Northerners tried several infantry assaults on the Vicksburg trench lines. In those attacks, they sometimes used Ketchum hand grenades. These weapons exploded when they landed on the detonation plates fixed to their noses.
Confederates stopped these grenades by catching them in blankets and throwing them back at the attacking Union troops.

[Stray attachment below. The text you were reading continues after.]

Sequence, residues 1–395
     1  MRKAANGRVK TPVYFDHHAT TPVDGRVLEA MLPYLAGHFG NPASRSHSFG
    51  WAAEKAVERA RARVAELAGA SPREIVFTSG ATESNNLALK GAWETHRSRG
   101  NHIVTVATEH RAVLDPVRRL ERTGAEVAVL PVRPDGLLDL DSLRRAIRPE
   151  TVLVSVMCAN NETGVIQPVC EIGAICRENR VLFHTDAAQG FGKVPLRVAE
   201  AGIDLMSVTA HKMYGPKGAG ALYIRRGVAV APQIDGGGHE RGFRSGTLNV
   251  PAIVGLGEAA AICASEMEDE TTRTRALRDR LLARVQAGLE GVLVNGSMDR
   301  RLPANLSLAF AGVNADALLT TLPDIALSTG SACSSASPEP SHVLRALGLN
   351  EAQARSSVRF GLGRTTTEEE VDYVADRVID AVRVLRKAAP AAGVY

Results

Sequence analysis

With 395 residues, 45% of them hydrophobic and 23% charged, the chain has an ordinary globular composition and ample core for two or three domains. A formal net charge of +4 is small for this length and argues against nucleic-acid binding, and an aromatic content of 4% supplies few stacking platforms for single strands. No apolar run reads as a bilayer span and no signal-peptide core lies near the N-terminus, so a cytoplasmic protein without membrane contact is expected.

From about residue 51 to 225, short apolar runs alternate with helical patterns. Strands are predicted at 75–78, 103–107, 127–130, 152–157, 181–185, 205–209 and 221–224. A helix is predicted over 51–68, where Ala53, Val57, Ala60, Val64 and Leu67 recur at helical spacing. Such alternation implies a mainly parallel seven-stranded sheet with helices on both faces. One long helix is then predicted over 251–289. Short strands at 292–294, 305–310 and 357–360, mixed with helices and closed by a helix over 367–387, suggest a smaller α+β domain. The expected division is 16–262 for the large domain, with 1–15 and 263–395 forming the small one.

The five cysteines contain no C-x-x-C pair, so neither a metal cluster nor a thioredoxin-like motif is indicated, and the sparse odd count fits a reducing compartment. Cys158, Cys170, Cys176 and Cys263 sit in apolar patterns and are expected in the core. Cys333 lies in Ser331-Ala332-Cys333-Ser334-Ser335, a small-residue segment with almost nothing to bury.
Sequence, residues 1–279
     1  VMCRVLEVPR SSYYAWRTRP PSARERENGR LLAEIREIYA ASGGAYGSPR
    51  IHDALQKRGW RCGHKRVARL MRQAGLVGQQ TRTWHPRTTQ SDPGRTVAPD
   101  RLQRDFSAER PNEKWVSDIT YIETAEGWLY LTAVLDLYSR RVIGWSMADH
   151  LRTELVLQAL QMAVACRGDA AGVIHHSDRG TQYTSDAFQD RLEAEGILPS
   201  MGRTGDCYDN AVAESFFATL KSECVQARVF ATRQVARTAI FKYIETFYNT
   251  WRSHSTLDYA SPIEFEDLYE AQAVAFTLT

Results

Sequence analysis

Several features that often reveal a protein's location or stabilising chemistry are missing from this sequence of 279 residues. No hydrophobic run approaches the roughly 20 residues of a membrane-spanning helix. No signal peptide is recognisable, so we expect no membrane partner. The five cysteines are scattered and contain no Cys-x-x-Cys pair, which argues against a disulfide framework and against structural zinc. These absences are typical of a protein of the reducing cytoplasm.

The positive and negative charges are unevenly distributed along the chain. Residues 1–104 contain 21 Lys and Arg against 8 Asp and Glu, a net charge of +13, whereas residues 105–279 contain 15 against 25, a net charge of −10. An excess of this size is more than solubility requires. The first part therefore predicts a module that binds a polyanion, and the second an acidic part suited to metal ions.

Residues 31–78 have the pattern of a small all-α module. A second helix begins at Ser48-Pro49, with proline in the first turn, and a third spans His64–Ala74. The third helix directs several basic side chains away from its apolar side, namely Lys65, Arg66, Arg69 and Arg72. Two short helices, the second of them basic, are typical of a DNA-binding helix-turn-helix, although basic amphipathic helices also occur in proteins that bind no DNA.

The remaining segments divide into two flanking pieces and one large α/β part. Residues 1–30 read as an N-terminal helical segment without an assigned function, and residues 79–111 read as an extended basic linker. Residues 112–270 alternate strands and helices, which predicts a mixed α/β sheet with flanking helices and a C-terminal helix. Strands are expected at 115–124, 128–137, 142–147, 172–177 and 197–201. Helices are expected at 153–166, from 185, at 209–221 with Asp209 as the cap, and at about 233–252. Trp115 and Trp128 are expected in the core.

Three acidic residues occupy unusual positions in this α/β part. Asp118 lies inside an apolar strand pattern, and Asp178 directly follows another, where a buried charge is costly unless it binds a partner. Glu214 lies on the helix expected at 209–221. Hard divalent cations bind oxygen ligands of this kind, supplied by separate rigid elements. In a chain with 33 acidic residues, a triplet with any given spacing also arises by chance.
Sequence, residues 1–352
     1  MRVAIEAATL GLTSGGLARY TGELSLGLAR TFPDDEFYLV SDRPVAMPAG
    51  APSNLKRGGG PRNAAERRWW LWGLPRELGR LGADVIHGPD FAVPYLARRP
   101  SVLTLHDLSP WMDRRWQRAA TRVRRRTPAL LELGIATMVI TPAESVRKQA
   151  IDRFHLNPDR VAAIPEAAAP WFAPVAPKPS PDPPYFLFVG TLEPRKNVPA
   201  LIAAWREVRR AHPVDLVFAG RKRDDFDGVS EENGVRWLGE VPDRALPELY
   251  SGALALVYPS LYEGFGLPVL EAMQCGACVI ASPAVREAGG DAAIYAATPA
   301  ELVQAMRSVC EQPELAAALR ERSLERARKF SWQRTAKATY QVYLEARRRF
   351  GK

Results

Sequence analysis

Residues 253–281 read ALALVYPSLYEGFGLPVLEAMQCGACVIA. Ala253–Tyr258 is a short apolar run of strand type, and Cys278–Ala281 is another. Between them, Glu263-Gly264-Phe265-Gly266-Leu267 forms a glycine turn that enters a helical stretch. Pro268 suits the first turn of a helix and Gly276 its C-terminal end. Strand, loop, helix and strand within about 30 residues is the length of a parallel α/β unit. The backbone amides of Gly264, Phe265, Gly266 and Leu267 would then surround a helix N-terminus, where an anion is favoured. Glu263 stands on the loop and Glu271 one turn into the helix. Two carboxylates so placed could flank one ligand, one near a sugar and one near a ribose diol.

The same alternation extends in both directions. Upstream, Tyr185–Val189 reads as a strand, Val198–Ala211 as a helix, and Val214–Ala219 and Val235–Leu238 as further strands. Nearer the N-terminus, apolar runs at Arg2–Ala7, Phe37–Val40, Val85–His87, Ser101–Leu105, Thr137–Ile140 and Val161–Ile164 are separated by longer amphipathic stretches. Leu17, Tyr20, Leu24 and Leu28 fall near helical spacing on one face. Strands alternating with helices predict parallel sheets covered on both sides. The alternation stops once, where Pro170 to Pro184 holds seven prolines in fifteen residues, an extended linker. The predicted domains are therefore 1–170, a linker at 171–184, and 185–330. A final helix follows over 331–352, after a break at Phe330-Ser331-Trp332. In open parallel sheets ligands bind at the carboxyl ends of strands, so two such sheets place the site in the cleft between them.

Citizens of new england and the Midwest were stunned when the Southern states left the Union. Many had believed their family of state would never break up. When Confederates fired on Fort Sumter and the flag of the United States, that shock turned to anger. From Minneapolis to Philadelphia, people shouted for revenge. Men answered President Lincoln's call for army volunteers immediately. But unhappy Northerners had to wait for more than two years to hear about a satisfying military victory. Until July, 1863, Union armies were often losers on the battlefield. Through that period, the North's real success was on the homefront. Industries in Northern towns employed extra men and, in some places, allowed women into the workplace. immigrants kept flowing into towns in Union states, and after President Lincoln signed the Homestead Act of 1862, many others headed west to make new homes on free frontier land. Theater performances, books, newspapers, and other forms of amusements were inexpensive and available to almost everyone. While Southerners were suffering shortages of food and clothing, and their rebellious nation was shrinking in size daily, the Union was growing larger and richer, and it never seemed to run out of new soldiers for its armies.
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